On Tuesday, Japan’s Ministry of Internal Affairs and Communications released new economic indicators that showed consumer confidence is growing as household spending skyrocketed by 5.2 percent, the best year-over-year increase since 2004.
These results indicate that “Abenomics”, a set of of fiscal and monetary reforms introduced by Prime Minister Shinzo Abe, is pushing his nation’s stagnant economy back into a period of growth.
Tokyo 2020 CEO Masato Mizuno welcomed the news.
“The initial success of Prime Minister Abe’s economic reforms is another significant boost for Tokyo 2020,” he said of his city’s bid to host the Olympic Games.
“Considering this positive economic progress alongside the fact that Tokyo enjoys the largest GDP of any city in the world and our established $4.5 billion cash Games fund in the bank, we know our Bid is based on rock-solid foundations and that we can guarantee to deliver.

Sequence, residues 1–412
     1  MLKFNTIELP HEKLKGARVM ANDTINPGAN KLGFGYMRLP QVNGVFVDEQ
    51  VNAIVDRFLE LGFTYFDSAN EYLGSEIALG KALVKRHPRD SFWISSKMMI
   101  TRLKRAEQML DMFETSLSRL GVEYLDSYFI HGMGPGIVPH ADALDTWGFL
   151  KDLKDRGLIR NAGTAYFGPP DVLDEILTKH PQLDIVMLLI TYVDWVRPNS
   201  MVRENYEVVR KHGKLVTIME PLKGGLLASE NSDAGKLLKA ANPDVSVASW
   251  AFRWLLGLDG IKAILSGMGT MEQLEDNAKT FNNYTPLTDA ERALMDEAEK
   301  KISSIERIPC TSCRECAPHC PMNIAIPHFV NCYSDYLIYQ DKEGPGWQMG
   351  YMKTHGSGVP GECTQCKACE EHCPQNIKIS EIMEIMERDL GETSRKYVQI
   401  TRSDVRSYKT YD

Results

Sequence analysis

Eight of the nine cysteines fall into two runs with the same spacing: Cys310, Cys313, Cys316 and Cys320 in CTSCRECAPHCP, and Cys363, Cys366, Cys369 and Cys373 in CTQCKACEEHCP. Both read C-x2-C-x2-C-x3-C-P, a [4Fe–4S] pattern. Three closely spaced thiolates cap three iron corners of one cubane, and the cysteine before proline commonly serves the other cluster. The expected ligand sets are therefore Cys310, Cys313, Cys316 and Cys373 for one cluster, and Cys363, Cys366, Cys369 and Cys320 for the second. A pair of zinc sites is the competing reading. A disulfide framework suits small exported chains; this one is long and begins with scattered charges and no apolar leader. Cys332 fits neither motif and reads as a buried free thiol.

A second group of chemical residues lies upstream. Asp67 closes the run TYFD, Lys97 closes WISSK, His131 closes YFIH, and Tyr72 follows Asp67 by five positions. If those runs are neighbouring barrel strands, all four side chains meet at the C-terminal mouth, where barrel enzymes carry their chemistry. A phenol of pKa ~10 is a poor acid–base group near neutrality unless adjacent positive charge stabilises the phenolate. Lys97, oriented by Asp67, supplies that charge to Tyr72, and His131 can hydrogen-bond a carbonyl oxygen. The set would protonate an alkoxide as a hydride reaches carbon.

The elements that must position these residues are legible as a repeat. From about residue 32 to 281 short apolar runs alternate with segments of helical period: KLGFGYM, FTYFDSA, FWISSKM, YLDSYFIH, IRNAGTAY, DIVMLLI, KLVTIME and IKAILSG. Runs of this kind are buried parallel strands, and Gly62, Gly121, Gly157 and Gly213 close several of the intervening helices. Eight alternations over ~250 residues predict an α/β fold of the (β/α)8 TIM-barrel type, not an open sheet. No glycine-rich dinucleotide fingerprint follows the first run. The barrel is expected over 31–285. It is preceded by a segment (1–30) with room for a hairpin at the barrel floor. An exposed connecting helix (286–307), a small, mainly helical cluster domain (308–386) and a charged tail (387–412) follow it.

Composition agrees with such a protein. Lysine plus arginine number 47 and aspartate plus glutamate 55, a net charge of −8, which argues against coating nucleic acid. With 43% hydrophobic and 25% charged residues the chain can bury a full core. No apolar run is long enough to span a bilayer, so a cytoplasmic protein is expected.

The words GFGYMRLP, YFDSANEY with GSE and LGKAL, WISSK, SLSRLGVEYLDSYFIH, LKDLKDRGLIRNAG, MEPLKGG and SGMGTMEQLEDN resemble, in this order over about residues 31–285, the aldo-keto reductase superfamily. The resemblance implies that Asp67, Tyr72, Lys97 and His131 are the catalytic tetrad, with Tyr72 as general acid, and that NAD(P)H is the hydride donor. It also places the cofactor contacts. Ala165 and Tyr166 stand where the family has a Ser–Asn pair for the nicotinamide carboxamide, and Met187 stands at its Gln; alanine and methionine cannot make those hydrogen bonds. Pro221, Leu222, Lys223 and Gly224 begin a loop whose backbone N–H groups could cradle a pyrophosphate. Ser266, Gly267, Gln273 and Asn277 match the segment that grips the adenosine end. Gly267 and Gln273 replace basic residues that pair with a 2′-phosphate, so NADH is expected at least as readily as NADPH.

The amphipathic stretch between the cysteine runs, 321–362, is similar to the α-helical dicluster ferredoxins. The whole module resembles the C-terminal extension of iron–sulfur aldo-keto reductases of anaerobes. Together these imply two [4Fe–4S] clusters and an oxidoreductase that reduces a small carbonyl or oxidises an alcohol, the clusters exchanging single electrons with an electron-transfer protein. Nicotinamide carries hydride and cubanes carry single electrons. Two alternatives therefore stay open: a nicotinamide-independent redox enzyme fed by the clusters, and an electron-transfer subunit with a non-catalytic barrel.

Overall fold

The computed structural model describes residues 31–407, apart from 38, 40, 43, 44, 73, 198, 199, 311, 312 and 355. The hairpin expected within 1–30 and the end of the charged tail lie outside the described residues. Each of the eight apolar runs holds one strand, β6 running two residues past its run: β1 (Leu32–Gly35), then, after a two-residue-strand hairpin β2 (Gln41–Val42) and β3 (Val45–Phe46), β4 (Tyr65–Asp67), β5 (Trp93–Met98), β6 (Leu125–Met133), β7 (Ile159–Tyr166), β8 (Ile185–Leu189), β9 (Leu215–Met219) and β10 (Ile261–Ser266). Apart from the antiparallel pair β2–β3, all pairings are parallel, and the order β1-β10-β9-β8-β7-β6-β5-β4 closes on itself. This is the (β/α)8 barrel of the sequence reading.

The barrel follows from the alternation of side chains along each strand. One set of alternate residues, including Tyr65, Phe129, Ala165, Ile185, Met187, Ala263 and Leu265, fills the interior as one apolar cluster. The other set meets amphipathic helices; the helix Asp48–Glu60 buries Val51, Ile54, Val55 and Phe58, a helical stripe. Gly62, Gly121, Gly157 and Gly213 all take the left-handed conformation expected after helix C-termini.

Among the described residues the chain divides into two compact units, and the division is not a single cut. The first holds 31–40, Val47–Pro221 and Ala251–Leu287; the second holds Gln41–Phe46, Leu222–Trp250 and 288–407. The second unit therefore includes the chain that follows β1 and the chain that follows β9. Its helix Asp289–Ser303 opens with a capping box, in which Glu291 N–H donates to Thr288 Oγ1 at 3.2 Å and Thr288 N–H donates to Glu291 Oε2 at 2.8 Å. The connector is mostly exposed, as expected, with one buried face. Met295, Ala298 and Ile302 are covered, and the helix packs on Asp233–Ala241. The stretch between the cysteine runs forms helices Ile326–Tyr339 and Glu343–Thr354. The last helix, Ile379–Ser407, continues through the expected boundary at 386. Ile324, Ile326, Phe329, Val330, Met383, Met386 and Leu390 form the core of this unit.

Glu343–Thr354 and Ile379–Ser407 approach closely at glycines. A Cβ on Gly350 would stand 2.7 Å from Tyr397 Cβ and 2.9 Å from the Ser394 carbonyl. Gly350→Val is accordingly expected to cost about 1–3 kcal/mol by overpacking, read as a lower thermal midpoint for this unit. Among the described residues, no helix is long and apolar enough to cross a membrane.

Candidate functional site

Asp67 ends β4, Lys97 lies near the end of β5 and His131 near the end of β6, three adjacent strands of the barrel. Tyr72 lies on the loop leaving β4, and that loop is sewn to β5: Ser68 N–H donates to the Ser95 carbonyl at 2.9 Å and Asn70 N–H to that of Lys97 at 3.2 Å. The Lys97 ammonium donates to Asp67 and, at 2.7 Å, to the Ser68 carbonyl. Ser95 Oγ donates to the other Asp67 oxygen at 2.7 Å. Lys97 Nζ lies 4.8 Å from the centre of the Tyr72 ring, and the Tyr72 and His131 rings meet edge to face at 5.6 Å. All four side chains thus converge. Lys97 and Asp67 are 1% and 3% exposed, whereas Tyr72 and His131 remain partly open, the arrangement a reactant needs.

“With this in place, we can focus upon delivering a superb Games that help promote the Olympic Values for new generations in this challenging and fast-changing era for sport.”
Tokyo’s competitors both offer different economic challenges and opportunities for the International Olympic Committee (IOC) when they choose their host at a session in September.
Istanbul’s bid portrays Turkey as a recently emerged nation in a period of rapid economic expansion and ripe with opportunity. Madrid, amid the austerity measures of Spain’s economic crisis, claim the Games can be delivered efficiently and effectively on a tight budget using existing infrastructure – and the opportunity to host will help propel Spain out of its recession.
With what seems to be out-of-control spending in Sochi ahead of the 2014 Olympic Winter Games, and delays leading up to Rio 2016 – the IOC may weigh heavily on economic security this time around.